Shell sets out its stall in climate case appeal – 24 Global News | Latest International Breaking News Today

Shell sets out its stall in climate case appeal – Latest International Breaking News Today

Shell is battling to persuade judges in The Hague to reverse a court ruling ordering significant reductions in climate-warming greenhouse gas emissions.

In 2021 the supermajor was ordered by a Dutch court to cut its own carbon emissions, as well as emissions resulting from the use of Shell’s products by customers, by a net 45 percent by 2030 (compared to 2019).

The ruling set a precedent and sparked a wave of similar cases by non-profit organisations against multinationals such as oil and gas giants Exxon Mobil and TotalEnergies, and Dutch bank ING.

This week’s appeal is, therefore, seen as a test of corporations’ ability to fend off climate change-related legal action. Shell presented the majority of its case on Wednesday (3 April).

Shell’s argument

In total, Shell had nearly eight hours of pleading time this week spread out over two days.

Shell’s lawyers argued that the court order is ‘unattainable’ and said that there is ‘no legal obligation’ under Dutch or European law which mandates individual companies to reduce emissions by a set amount.

Furthermore, Shell’s chief lawyer, Daan Lunsingh Scheurleer from the London-based law firm Clifford Chance, claimed that the “company has no control over the emissions of its clients.”

While the company, in its 2024 energy strategy, has committed to reducing carbon emissions related to its own operations by 50 percent by 2030, it argues that emissions resulting from its products are not its responsibility.

The two opposing parties appeared in court on Tuesday for the first time since 2021, when Shell lost the lawsuit against Milieudefensie, a Dutch environmental organisation.

See also  Video. Latest news bulletin | February 26th – Evening - 24 Global News | Latest International Breaking News Today

After losing the case, Shell replaced Dutch law firm De Brauw Blackstone Westbroek. Choosing a different strategy, Clifford Chance’s legal team is focused on convincing judges that overall emission reduction is the responsibility of governments rather than courts or businesses.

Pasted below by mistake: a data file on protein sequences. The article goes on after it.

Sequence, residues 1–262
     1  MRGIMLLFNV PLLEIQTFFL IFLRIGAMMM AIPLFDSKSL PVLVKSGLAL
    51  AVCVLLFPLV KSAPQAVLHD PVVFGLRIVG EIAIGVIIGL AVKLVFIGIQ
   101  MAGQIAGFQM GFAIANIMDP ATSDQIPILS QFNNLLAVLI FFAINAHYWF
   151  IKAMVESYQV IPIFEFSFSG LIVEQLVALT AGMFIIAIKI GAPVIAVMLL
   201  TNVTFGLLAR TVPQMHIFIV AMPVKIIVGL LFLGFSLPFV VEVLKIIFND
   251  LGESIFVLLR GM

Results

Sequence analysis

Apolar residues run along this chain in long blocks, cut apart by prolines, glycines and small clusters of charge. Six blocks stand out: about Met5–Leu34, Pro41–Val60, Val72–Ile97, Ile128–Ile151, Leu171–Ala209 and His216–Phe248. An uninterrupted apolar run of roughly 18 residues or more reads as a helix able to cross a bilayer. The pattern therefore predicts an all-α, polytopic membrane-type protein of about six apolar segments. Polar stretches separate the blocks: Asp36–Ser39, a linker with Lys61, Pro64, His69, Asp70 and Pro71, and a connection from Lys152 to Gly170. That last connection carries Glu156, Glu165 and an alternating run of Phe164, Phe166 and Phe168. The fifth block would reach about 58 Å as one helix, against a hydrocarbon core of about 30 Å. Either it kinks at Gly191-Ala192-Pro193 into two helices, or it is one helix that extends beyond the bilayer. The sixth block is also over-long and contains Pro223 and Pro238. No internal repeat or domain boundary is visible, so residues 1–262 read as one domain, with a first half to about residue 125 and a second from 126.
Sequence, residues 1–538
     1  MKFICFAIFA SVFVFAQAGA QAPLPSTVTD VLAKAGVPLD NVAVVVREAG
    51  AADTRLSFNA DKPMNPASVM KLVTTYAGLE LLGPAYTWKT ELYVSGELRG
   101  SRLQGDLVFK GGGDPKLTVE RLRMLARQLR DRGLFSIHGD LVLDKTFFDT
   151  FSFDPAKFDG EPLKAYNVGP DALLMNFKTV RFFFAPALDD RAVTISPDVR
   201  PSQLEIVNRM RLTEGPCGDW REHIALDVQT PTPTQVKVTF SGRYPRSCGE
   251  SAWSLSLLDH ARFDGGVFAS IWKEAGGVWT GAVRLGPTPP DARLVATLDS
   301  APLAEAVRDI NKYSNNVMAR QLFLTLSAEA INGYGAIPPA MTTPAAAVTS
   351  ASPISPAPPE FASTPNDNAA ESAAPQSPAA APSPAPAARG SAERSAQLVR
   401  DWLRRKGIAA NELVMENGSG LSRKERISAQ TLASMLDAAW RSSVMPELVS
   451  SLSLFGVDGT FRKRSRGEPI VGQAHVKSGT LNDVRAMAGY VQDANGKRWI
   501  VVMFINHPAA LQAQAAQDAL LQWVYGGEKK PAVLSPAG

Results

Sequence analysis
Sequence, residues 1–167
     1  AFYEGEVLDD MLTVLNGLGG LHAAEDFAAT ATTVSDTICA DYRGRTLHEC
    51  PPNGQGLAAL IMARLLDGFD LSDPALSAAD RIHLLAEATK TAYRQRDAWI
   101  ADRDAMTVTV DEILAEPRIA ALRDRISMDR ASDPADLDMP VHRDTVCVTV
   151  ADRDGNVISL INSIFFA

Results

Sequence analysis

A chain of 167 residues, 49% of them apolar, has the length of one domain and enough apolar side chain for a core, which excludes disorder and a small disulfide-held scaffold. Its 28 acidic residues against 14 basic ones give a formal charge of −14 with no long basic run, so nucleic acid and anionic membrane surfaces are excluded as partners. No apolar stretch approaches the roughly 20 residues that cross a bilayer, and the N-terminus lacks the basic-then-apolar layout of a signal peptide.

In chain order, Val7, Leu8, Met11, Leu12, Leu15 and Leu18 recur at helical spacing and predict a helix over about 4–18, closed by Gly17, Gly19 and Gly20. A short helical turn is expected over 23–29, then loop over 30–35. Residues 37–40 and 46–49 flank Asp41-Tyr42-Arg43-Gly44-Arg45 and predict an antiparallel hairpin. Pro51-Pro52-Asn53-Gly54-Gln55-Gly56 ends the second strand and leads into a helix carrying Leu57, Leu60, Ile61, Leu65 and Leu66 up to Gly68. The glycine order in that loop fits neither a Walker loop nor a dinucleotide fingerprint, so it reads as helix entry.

Due to the inherent complexities of managing the energy transition, which Shell lawyer Lunsingh Scheurleer describes as the “energy trilemma” encompassing security of supply, energy affordability, and climate interests, Shell argues governments are responsible for shaping overall climate reduction policies.

Only governments “can establish the rules companies can follow,” said Lunsingh Scheurleer. By taking the matter to court, Milieudefensie undermined “the democratic decision-making of governments,” he added.

Shell’s team also noted that obligating an individual company like Shell to reduce its emissions would not result in lower emissions and could even be “counterproductive in addressing climate change,” according to lawyer Tiemen Drendth.

“If Shell opts to sell parts of its business — whether it is an oil field or a gas station — they don’t disappear but will simply be continued by other businesses,” said Drendth.

The other side

In an initial response, lawyer Roger Cox, representing Milieudefensie, countered by highlighting that multinationals such as Shell have grown immensely powerful to the extent that they have become unmanageable by public authorities — both national and international.

This has resulted in “a governance gap,” he said.

See also  In Novohryhorivka — everything is gone except hope - 24 Global News | Latest International Breaking News Today

“Shell generates this global influence, among other things, through its ongoing investments in oil and gas, through its political lobbying activities, through its direct access to governments and their ministries,” he said.

Therefore, due to their extensive impact on the functioning of society and democracies through their policies, multinationals such as Shell have the “special responsibility to manage vulnerable societal interests such as the protection of human rights and the environment as responsible stewards,” he said.

“If national governments cannot regulate Shell effectively; and if Shell cannot be regulated internationally; and if Shell does not want to regulate itself adequately; and if the court also does not want to regulate Shell, then we have to conclude that the rule of law is failing,” he said.

“The court is now truly the last bastion,” said Cox.

Milieudefensie will present their full argument on Thursday, with another hearing day scheduled next week.

-24 Global News | Latest International Breaking News Today
#Shell #sets #stall #climate #case #appeal

Leave a Comment

Your email address will not be published. Required fields are marked *

Scroll to Top